### Biodistribution of the T-Fulips

The 4T1 tumour model was established in BALB/c mice. When the tumours had grown to around 100 mm3 (tumour volume = ½ × length × width2), T-Fulips or isotype control were administered intravenously. Mice were anaesthetized and imaged using a Carestream Imaging Station system at 1, 4, 6, 12, 24 and 48 h post-injection. At the last time point, mice were killed. Tumour and normal organs including heart, liver, spleen, lung, kidneys and brain were dissected for ex vivo imaging.

### MRI measurements and analysis

All phantoms and animal MRI studies were performed on a 9.4 T small animal MRI scanner (Bruker 94/20). The phantom samples with different concentrations of DOPE-PEG2000-TEMP and T-Fulips were prepared in solution with the addition of different amounts of H2O2. For animal studies, all the mice were anaesthetized with an isoflurane/O2 mixture and placed in a stretched prone position. T1 MRI experiments were acquired using a rapid acquisition with relaxation enhancement with variable repetition time sequence. The T1 MRI phantoms were acquired using the following parameters: effective echo time (TE), 8.50 ms; flip angle, 180°; rare factor, 2; slice thickness, 1 mm; field of view, 3.0 cm × 3.0 cm; number of repetitions, 1; number of averages, 2; and matrix, 256 × 256. For the activated MRI, the T-Fulips or Iso-Fulips were injected intravenously with an injection dose of 10 mg per kilogram mouse body weight. The post-contrast MRI was acquired 24 h after the injection of contrast agents using the same sequence parameters as those for the pre-contrast T1 MRI study. All the simulations of T1 maps were calculated on a pixel-by-pixel basis using the built-in software (Paravision 5.1, Bruker). Regions of interest were manually drawn across images. The quantitative T1 maps were calculated from the multi-TR signals with nonlinear least square fitting of the data with the following equation: $$M\left( {{{{\mathrm{TR}}}}} \right) = M_0\left[ {1 - \exp \left( { - \frac{{{{{\mathrm{TR}}}}}}{{T_1}}} \right)} \right]$$, where M(TR) is the signal intensity at each TR, M0 is a free fitting variable equal to M(TR = +inf), TR is the repetition time and +inf is the plus infinity.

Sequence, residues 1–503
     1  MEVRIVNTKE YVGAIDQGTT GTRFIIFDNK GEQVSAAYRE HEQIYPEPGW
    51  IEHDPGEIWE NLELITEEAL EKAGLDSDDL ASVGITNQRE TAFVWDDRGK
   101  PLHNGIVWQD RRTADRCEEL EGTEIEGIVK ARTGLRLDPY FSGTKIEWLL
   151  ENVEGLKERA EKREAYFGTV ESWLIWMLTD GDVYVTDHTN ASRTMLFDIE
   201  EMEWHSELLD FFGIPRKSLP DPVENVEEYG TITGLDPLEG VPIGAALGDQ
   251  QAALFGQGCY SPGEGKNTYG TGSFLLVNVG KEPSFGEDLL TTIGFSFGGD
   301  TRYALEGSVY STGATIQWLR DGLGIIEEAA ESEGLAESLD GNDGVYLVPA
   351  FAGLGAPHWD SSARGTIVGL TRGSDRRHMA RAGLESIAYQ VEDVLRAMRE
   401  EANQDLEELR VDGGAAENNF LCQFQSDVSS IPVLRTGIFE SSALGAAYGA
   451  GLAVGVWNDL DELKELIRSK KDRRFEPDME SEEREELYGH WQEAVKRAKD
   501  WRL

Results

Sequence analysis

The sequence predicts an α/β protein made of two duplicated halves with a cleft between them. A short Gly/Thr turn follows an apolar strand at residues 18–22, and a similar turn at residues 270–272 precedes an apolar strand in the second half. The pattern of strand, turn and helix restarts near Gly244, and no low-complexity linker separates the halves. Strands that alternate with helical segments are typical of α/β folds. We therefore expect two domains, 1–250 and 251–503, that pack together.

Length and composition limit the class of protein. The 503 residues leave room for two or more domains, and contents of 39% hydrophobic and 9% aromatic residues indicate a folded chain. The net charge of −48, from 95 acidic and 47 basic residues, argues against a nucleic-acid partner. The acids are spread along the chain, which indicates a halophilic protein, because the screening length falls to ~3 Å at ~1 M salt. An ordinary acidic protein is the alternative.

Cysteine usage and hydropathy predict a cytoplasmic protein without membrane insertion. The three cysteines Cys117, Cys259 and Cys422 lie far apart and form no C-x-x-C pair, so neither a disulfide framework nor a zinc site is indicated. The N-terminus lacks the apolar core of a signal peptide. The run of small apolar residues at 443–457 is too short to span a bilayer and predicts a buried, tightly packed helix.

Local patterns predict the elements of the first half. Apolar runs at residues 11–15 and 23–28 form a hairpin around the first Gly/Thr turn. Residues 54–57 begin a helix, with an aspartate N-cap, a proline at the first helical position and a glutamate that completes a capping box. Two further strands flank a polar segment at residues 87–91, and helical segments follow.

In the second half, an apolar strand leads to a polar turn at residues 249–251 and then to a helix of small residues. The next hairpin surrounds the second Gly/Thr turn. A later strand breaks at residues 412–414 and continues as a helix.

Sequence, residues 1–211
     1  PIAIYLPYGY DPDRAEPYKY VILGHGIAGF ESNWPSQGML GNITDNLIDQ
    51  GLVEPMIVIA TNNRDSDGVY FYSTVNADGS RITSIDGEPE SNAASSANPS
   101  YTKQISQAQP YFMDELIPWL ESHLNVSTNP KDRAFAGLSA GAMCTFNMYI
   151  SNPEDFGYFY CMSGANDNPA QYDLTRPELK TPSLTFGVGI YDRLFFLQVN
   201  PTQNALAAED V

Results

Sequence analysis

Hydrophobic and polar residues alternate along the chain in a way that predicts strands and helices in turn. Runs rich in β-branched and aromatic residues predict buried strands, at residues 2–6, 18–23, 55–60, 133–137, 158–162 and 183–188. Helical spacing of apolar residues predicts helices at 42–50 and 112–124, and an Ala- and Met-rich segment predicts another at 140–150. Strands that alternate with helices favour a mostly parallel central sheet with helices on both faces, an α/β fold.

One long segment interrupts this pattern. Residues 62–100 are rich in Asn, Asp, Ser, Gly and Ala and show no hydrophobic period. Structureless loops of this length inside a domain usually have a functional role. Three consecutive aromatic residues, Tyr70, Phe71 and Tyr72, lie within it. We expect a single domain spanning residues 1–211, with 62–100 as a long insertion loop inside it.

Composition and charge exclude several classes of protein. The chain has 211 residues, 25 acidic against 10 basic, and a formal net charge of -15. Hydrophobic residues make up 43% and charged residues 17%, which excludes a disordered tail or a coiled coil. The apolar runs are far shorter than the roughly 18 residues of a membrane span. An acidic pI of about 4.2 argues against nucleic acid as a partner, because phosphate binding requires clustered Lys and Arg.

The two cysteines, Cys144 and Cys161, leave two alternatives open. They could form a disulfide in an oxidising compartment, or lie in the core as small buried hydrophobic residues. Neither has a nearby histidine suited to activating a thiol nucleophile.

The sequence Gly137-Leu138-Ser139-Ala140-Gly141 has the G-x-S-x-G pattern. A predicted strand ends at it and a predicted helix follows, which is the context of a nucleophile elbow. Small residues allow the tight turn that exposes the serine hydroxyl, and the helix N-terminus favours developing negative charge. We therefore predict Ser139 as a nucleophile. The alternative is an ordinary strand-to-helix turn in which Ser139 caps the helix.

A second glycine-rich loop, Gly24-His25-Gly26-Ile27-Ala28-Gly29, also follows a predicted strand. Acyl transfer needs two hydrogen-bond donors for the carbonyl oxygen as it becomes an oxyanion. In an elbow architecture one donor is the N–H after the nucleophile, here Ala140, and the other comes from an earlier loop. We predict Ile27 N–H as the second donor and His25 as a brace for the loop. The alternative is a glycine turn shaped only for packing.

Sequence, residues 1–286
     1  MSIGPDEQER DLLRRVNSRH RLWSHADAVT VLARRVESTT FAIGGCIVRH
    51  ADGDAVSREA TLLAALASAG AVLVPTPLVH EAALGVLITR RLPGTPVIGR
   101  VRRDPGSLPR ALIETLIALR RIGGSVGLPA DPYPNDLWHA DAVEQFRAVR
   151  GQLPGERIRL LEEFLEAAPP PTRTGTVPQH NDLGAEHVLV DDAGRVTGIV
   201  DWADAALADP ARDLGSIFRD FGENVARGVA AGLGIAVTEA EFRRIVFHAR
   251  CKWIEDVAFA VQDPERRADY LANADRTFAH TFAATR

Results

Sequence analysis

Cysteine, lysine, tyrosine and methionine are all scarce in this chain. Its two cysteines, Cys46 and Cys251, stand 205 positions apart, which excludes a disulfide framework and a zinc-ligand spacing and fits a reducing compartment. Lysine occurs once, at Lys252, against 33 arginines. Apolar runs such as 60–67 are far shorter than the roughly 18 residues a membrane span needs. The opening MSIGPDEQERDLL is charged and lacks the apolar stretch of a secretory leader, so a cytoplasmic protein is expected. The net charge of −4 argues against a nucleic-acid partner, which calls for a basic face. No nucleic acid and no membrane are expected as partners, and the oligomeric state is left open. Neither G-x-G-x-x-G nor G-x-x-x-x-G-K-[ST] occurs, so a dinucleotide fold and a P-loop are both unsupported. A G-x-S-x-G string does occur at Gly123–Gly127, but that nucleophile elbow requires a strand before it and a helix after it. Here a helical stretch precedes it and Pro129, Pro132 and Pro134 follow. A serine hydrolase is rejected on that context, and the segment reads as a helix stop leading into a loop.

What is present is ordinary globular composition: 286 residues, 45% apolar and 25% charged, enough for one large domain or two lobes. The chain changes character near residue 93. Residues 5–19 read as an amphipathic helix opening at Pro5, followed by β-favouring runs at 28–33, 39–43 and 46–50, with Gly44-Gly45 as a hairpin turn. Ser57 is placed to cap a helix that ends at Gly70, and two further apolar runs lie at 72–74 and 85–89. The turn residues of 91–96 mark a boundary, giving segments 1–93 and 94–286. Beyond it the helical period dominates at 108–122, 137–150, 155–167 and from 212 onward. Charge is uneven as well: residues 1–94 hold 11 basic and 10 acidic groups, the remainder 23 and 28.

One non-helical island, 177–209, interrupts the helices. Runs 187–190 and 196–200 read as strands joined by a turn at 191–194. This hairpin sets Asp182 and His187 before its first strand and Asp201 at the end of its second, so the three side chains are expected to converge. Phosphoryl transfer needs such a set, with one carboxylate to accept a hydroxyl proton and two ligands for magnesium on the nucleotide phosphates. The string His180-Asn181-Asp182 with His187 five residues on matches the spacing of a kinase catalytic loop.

### Cancer treatment study

For therapy studies, BALB/c mice were subcutaneously inoculated with 1 × 106 4T1 tumour cells on the right flank; C57BL/6 mice were subcutaneously inoculated with 1 × 106 MC-38 tumour cells on the right flank. After the tumour size reached around 30–40 mm3, mice were randomly grouped (n = 5 per group). Mice from different groups were scanned individually by MRI using a T1 mapping sequence and multi-slice T1-weighted MRI sequence (pre-contrast MRI). The T-Fulips or Iso-Fulips were then injected intravenously with the injection dose of 10 mg per kilogram mouse body weight. At 24 h after the injection of contrast agents, the post-contrast MRI were acquired using the same T1 mapping sequence and multi-slice T1-weighted sequence as for pre-contrast MRI. The tumour size and body weight were recorded every two days after each treatment until 32 days post-irradiation, and the tumour volumes were calculated. The survival rate was recorded for up to 52 days post-irradiation.

### Statistical analysis

All the quantitative data were expressed as mean ± s.d. and analysed with Microsoft Excel (2016), SPSS Statistics 26.0 software and GraphPad Prism (v.9.0). Comparisons of multiple groups at a single point were performed by using a one-way ANOVA with post-hoc analysis and two-sided Student’s t-test. Survival data were analysed using a log-rank test. The Pearson’s correlation coefficient R was used to calculate the strength of a linear association between two variables. GraphPad Prism (v.9.0), FlowJo (v.10.6.2) and ImageJ (v.1.8.0) were used for statistical analysis and figure production. The statistical significance is indicated as NS (no significance), *P < 0.05, **P < 0.01 and ***P < 0.001, 95% confidence level.

### Reporting summary

Further information on research design is available in the Nature Portfolio Reporting Summary linked to this article.